Pathway for total knee replacement and unicompartmental knee replacement

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This topic provides an overview of the process from the initial appointment to post-operative treatment and what happens after you are discharged from hospital.

Initial appointment

When we have agreed that you are suitable for a knee replacement, you will be provided with verbal and printed information. Further information can be found on this website. Your surgeon will consent you for the surgery, and in most instances be able to give you the date of your surgery. Investigations will be arranged as necessary. These will include:
Adequate up-to-date X-rays of the knee, which we will use to template for the correct size and type of implant. We may also ask for a chest X-ray, which is sometimes required before major surgery by the anaesthetist.
Blood tests
Routine blood tests include a blood count to exclude anaemia and to check for adequate platelets, and electrolytes. Blood will sometimes be taken for determining blood type in case of the need for transfusion. These tests are usually done within a week of the surgery. Further blood test may be requested depending on the presence of other medical conditions.
A tracing of the heart is routinely done, again for anaesthetic safety. Further cardiology tests may be required if you have a heart condition.


Surgeons have anaesthetists that they usually work with.

The anaesthetist will contact you by phone before the surgery, to discuss the anaesthetic. Sometimes they will arrange to see you if necessary. Occasionally, we will arrange for you to see another specialist in order to optimise your medical conditions before the surgery (such as a cardiologist).

Read more about Anaesthesia here.

Thrombosis (DVT) and pulmonary embolus (PE)

Thrombosis is an abnormal formation of solid blood constituents within the veins. This can move into the lung where it is called a pulmonary embolus. Minor thrombosis is very common after joint replacement surgery, but only requires treatment in about 1% of people, when it produces excessive pain and swelling of the calf and/or thigh. Pulmonary embolus is rare occurring in less than 1 in 1000 patients after joint replacement. Prevention of these conditions is controversial, and many treatments have been tried. All drug treatments for this have significant potential side effects, and it is the balancing of the risks of developing this problem compared to the benefits of the medications that is difficult to define.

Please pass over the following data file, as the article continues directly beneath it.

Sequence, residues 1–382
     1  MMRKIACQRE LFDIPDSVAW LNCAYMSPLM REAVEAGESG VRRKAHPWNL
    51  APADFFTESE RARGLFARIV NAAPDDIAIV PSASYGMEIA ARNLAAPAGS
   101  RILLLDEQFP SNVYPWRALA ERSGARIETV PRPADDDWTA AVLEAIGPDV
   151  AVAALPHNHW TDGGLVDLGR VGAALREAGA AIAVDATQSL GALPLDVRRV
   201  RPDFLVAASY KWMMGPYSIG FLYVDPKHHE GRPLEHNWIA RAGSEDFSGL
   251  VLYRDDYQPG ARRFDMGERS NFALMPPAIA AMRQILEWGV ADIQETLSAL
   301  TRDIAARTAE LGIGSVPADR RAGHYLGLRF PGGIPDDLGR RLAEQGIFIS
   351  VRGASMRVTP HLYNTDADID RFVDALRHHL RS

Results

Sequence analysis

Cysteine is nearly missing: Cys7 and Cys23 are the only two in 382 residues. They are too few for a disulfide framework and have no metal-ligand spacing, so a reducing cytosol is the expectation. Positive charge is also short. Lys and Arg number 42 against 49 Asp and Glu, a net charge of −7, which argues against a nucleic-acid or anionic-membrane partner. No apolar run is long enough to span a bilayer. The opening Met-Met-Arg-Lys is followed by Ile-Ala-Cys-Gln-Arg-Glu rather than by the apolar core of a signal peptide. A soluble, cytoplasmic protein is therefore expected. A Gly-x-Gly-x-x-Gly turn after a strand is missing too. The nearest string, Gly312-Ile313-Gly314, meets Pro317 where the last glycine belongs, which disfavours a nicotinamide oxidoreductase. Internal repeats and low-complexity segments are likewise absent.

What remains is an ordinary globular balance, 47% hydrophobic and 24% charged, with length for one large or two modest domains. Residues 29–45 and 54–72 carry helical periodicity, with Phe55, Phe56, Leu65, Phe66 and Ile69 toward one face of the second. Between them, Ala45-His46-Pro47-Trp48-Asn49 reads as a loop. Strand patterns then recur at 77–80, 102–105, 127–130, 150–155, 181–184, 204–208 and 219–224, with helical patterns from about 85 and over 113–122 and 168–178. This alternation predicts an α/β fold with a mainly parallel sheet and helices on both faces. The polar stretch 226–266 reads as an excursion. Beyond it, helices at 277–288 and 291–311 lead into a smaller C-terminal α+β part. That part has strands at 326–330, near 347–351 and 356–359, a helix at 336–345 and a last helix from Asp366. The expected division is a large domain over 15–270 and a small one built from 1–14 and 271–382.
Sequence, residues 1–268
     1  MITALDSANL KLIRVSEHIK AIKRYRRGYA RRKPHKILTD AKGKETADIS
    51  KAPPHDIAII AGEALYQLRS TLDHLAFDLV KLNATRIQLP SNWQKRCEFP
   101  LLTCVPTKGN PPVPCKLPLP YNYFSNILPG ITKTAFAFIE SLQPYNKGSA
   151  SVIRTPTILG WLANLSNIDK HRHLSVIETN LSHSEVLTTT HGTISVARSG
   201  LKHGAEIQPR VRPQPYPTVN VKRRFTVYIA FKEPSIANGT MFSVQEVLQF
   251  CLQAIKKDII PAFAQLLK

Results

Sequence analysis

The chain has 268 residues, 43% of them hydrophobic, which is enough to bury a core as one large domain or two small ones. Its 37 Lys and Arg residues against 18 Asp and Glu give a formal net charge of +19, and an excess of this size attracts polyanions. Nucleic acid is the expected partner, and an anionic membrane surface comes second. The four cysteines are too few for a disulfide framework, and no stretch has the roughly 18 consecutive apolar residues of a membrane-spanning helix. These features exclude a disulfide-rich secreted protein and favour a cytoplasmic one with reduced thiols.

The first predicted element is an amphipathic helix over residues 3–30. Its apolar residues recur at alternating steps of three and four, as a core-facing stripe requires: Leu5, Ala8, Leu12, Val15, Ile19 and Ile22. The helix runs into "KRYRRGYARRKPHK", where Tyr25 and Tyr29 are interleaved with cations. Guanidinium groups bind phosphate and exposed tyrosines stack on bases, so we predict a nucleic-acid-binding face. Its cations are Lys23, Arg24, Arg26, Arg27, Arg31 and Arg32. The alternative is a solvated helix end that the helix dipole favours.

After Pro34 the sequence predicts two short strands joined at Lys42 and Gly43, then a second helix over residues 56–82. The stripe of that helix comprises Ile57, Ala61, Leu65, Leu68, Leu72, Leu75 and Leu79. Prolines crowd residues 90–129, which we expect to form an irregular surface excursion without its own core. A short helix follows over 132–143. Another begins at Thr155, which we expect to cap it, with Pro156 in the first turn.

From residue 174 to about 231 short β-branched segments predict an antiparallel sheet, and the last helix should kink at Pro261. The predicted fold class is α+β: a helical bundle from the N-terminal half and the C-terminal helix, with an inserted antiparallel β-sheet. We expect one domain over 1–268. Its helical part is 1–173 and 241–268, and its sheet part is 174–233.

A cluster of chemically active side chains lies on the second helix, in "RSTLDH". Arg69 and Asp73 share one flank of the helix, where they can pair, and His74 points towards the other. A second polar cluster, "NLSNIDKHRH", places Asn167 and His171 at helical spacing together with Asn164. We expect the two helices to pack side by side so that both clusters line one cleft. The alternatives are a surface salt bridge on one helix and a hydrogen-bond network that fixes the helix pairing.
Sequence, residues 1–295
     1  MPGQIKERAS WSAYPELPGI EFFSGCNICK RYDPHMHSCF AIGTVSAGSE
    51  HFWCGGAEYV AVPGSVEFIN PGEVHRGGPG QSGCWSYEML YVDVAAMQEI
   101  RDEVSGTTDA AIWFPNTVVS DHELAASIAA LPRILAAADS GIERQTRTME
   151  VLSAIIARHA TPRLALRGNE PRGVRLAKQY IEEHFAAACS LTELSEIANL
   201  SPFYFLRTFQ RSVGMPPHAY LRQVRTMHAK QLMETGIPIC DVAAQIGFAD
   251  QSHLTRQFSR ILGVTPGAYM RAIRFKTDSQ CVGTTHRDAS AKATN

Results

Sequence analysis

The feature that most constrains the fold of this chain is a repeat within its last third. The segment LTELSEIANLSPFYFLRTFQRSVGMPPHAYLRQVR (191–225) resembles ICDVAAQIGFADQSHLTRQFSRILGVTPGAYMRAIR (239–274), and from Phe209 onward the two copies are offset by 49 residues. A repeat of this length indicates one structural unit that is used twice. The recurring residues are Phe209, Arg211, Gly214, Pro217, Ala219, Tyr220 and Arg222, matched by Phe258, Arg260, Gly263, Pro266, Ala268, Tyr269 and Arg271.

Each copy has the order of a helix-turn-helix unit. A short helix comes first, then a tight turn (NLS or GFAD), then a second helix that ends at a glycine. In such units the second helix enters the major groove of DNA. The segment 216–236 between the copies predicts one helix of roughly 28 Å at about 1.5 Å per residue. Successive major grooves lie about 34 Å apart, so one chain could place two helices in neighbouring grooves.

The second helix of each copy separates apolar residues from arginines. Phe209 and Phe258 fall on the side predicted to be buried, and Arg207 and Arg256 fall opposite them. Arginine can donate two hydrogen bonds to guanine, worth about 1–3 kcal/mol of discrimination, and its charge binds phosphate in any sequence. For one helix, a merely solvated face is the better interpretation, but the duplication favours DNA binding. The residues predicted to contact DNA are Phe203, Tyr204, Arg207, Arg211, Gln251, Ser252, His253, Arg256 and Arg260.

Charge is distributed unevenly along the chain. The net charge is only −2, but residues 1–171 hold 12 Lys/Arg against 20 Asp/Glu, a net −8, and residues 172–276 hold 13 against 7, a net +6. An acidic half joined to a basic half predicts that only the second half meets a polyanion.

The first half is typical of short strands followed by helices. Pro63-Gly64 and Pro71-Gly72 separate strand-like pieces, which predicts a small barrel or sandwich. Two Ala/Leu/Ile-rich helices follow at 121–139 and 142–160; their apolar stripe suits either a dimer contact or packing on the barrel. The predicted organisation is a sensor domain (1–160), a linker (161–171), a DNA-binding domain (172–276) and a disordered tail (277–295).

Orthopaedics WA assess all my patients for risk of DVT/PE. Our routine regime for prevention after hip or knee replacement is:
  • Spinal/epidural anaesthetic
  • Good hydration
  • Early mobilisation
  • Calf pumps
  • Low molecular weight heparin (LMWH) (hospital policy)
  • Aspirin on discharge for 28 days

Orthopaedics WA class patients as being very high risk if they have had a previous DVT or PE, are having bilateral surgery, or have a strong family history of DVT/PE. We will usually fully anticoagulate these patients for 6 weeks, or may use high dose LMWH.

Orthopaedics WA believe that this regime reduces the risk of DVT/PE while minimising the risk of complications associated with other treatments.

Blood Management

'Blood-less' surgery
Our unit at Fremantle is a World leader in peri-operative blood management, with one of the lowest transfusion rates after surgery in the World. We have refined this service further in our private practice. Medications are optimised preoperatively.

Tranexamic acid is routinely used peri-operatively, which halves the blood loss. Spinal anaesthetic, and meticulous control of bleeding during surgery further minimises loss. Transfusion is extremely rare after primary joint replacement surgery (<1%).

Furthermore because transfusion is so rare, it is never necessary for patients to pre-donate blood.